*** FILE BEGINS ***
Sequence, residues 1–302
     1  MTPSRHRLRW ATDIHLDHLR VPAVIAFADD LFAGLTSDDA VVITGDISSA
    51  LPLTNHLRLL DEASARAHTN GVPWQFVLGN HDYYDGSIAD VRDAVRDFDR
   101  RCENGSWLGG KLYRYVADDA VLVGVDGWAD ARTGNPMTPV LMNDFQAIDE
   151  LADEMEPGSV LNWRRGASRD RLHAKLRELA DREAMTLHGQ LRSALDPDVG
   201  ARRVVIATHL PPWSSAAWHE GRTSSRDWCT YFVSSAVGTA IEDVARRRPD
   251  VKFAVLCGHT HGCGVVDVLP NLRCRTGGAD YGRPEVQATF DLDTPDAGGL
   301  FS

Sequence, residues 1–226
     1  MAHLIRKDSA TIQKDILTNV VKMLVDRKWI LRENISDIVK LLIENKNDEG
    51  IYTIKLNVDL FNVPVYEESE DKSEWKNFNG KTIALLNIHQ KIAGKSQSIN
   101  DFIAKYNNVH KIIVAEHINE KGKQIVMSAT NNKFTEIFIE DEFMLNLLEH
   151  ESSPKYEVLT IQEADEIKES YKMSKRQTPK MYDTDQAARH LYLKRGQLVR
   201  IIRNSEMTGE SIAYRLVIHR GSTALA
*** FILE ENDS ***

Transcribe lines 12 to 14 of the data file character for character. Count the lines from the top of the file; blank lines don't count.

   101  DFIAKYNNVH KIIVAEHINE KGKQIVMSAT NNKFTEIFIE DEFMLNLLEH
   151  ESSPKYEVLT IQEADEIKES YKMSKRQTPK MYDTDQAARH LYLKRGQLVR
   201  IIRNSEMTGE SIAYRLVIHR GSTALA